you should come talk to me. Seriously.
The other band we're playing with is Meru.

Who's that?

I was told that they are from Portland, but their website says
Olympia, Washington. Olympia, like the free beer!

Website? MySpace?

Our website is
I boycotted myspace for at least a year, but finally put up a profile
in late 2004. Abe boycotted myspace until just a few months ago.
We've just now begun to really use it:

Anything else you want to add?

I really like carrot juice. Hint, hint.(haha)
Let me know if there is anything else you need from me!xoxo

Monday, August 14, 2006

James Brown - Please, Please, Please

incendiary snip from the T.A.M.I Show (try to ignore the indecipherable banner, it goes away)

My musical taste was not really formed in 1965. I was entering high school and had gone from being a Cali-surf rock fan (and dressing in Madras shirts) to discovery of The Rolling Stones, who I saw as somehow cooler than The Beatles and other British invasion bands. I knew a little bit about Motown from listening to Top-40 on my little AM radio, but for the most part black music was still a mystery to me.
A movie came to play at the El Rey Theater in my hometown that summer, something called The T.A.M.I Show with the initials standing for Teenage Music International. It was aimed right at me. Jan and Dean were the hosts. The Beach Boys were one of the featured acts along with a duck-walking Chuck Berry, Smokey Robinson, The Supremes and Marvin Gaye (inexplicably backed by the uncredited Crystals). A few other acts played at the concert videotaped at the Santa Monica Civic Auditorium, a couple of forgettable Brit bands and proto-garage rockers The Barbarians, who I recall had a drummer who’d lost his hand and replaced it with a drum stick.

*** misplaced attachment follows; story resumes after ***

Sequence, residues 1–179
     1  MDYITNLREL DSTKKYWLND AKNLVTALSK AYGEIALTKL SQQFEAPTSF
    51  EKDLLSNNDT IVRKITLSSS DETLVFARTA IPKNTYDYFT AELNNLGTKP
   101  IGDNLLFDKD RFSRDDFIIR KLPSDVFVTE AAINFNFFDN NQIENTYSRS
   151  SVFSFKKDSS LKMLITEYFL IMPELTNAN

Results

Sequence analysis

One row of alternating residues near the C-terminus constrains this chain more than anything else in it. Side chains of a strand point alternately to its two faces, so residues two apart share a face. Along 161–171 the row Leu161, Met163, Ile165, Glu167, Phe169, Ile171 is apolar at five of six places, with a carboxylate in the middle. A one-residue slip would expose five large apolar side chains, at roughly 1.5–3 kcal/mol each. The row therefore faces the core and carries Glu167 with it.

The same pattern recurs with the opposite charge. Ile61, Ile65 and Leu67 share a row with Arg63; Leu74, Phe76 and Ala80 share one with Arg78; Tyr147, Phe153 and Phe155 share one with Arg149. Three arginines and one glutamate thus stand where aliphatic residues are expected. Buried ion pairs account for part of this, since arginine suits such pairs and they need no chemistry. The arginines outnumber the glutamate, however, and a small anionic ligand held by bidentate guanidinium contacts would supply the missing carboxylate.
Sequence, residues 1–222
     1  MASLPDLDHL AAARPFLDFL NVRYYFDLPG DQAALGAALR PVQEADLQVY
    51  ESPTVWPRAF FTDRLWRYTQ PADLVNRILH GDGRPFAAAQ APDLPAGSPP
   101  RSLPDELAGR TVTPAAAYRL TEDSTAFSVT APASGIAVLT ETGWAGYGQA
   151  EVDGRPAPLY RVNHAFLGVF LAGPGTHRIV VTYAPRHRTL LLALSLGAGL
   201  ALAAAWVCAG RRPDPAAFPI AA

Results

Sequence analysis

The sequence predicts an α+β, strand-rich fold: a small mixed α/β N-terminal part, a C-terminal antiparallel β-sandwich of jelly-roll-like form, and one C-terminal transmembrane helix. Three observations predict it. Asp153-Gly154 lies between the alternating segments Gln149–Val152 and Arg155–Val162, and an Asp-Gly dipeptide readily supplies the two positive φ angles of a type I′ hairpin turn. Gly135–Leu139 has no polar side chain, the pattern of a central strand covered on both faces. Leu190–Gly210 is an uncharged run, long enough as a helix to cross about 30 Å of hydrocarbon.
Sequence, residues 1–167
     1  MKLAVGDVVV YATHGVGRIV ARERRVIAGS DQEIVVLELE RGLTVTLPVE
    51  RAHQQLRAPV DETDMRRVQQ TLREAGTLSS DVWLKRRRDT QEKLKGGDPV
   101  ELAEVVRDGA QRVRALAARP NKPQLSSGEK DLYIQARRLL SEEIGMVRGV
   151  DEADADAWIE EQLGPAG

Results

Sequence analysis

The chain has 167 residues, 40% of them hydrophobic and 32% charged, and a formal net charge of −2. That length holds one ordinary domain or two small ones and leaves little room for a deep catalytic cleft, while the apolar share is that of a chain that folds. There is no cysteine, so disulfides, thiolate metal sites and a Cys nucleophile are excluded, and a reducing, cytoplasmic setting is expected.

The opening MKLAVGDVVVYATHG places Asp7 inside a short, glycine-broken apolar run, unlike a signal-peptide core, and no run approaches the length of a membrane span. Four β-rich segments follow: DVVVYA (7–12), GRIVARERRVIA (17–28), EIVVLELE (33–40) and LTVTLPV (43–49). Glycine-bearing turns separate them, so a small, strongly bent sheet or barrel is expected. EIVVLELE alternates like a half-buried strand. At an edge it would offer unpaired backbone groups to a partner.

Waiting for the Stones to close the show something earth-shattering happened. James Brown came on -- and blew my mind. He did two or three songs, but it was “Please, Please, Please” that stopped the show. An appeal to a lover who’s going to leave him, it ends with James begging “baby please don’t go; please, please, please.” He becomes a man possessed, he can’t let go, not just of the woman who wronged him, but of the audience, and the song itself. He grabs the mic and falls to his knees — hard. His handlers put a cape around him and start to walk him offstage. He stops, throws the cape off and stumbles back to the microphone to resume his plea. He falls again, they return with the cape, he throws it off, tears off his houndstooth check coat, cries out, leaves once again and returns, singing, “please, please, please…” He the word chants 37 times hitting every beat until he is spent.
I know now that the song was almost 10 years old at that point, and that the cape business was a routine part of his act, but he had me hook, line and sinker. I went out and bought his then-current hits, “Papa’s Got a Brand New Bag” and “I Got You (I Feel Good)” and I felt good. I picked up Live at the Apollo Vol. 1 and Vol. 2 and eventually a couple of dozen other albums by Mr. Brown, many of which have since been appropriated by my son who knows timeless funk when he hears it. Sure, he’s a lot older now (73 to be exact) and even crazier. He demands odd things like ice cubes frozen from Mountain Dew, and he probably lets his band carry most of the show, but I’ll bet he can still dance 1,000 time better than I ever did, and I’m guessing he can still milk an audience for all it’s worth. So I’ll be there dancing in the aisles of the Van Duzer Monday night when he opens the new CenterArts season with a sold out performance. And I know when he’s done I’ll feel good.

Wednesday, August 09, 2006

RIP Arthur Lee

I bought the first Love album when it came out in the Sixties, saw the band as doing something like what was going on in the San Francisco Bay Area at the time. In retrospect I see that what Arthur Lee was up to was quite different, and way ahead of the times.